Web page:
showed a lack of confidence. Mr. Carter
attributed to Mr. Cooper an expressed
Idea that he considered the Interests'
of his department ahead of the
Interests of the taxpayers.
It may here be recalled that Secretary
Carter, some time before he last went
to Washington, made public his opposition
In the executive council to the
system of land exchanges on a large
seale which Superintendent Cooper had
Mr. Cooper demurred to the term
"rush." It was not a case of rushlnc
matters. For several months after he
took office he was snowed under with
unfinished business his predecessors
had left. There was no surprise abouf
the present matters, they having been
under consideration for a long time.
Mr. Caiter Insisted that the Aiea land
matter was new so far as the armory
site was concerned, which Mr. CooDer
admitted, and then the Secretary said
he had been trying for some time to get
a statement of the financial condition
ot the Territory. He contradicted a remark
of the Superintendent that the
latter had nothing to do with the
finances, going on to protest against
the disposal of revenue-paying lands
I for armory and school sites. The retlr
Isext came the proposal of acquiring ing Superintendent of Public Works
the land at Beretanla, Miller and Vine-'might leave as much unfinished
streets for the N. G. It armory ness as he pleased, so far ns the new
fi1mliilotinlln tirna innnoinail
and Boyal school sites though Super-1
Intendent AtU'nson understood It was THE GOVERNOR INTERVENES.
the Normal not the Royal school in Secretary Carter having referred to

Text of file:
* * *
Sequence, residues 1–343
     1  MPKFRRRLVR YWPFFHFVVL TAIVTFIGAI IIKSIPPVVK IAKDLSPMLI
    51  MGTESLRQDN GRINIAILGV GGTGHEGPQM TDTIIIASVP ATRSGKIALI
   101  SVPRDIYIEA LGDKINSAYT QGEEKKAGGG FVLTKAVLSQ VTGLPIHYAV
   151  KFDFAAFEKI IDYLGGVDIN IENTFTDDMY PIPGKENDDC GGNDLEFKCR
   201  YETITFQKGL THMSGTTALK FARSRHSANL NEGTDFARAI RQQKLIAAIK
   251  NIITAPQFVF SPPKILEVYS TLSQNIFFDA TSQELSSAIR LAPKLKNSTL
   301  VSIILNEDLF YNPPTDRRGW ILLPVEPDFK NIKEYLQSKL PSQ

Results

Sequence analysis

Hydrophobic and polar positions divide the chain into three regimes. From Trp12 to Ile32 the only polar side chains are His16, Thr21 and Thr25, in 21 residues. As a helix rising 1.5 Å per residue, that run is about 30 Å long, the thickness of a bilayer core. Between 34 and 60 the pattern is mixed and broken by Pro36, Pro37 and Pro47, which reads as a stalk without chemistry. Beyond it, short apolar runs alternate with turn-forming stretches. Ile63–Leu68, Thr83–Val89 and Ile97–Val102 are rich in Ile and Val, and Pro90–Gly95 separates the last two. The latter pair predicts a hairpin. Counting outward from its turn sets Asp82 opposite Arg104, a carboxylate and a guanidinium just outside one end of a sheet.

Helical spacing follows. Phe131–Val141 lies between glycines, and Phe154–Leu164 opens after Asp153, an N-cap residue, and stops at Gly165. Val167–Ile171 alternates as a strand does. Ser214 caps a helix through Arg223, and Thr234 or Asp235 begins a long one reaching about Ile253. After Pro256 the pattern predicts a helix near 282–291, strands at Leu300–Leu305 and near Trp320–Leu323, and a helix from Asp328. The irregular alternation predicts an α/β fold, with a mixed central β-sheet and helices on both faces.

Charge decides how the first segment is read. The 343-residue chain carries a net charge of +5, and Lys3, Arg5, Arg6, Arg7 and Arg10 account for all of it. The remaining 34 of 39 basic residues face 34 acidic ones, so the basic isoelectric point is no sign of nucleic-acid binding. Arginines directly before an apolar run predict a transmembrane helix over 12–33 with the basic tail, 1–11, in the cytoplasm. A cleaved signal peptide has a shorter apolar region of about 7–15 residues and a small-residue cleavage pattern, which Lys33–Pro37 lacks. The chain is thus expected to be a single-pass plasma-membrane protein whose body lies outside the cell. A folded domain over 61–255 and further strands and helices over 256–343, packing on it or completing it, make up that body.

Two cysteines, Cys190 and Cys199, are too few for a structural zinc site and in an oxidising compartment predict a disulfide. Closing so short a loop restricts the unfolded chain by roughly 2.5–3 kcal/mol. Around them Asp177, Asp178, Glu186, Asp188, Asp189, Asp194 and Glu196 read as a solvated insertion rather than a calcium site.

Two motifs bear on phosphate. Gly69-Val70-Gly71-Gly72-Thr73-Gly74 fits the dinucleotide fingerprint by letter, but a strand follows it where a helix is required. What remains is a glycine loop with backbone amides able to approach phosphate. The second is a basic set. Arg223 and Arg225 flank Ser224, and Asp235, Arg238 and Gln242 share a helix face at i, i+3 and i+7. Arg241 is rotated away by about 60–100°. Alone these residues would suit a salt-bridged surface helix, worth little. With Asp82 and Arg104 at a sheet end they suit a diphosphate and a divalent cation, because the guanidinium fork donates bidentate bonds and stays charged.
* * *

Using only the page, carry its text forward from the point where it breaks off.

exchange for Aiea land forming part of nn espianaue lanu transaction as an-
oiner one Deing rusneu, .ur. cooper sum
..,.,,., . .
the Honolulu plantation on a basis of
nad been pen(mff for sIx montllB
545,000 valuation for each property. past. Governor Dole remarked ho
The tonn premises were bought at thought It was not correct to sneak of
tlon on Saturday last by W. G. Irwin ' rushing that matter, as it had been
from the trustees of Oahu College at
the c0n cn
u.c UJ.OCI jji.wc w ,,Uw. ot administration.
Mr. Cooper read a letter from the A running debate ensued, the Gov
Honolulu Plantation Co., giving figures eor depylng that he had not a thor
to show the value It put upon the land. I (Continued on page 5.)
WILCOX'S ITALIAN UNIFORM
CLAIMED BY HIS WIDOW
In a cabinet in tho parlor of lire. There.-a Wilcox's home on the
of Punchbowl, thero aro a number of mementos of the Into
Robert Wilcox, winch his widow highly prizes. Among these are
tho uniform cap, epaulettes, sword belt, cartouche, and other para
phernalia belonging to tho full dress equipment of an artillery ofliccr
in tho Italian army. Theso were worn by "Wilcox during and after
liis graduation from tho Italian military school at Turin, whero ho
had boon sent by King Kalakaua to bo educated. But thero is ono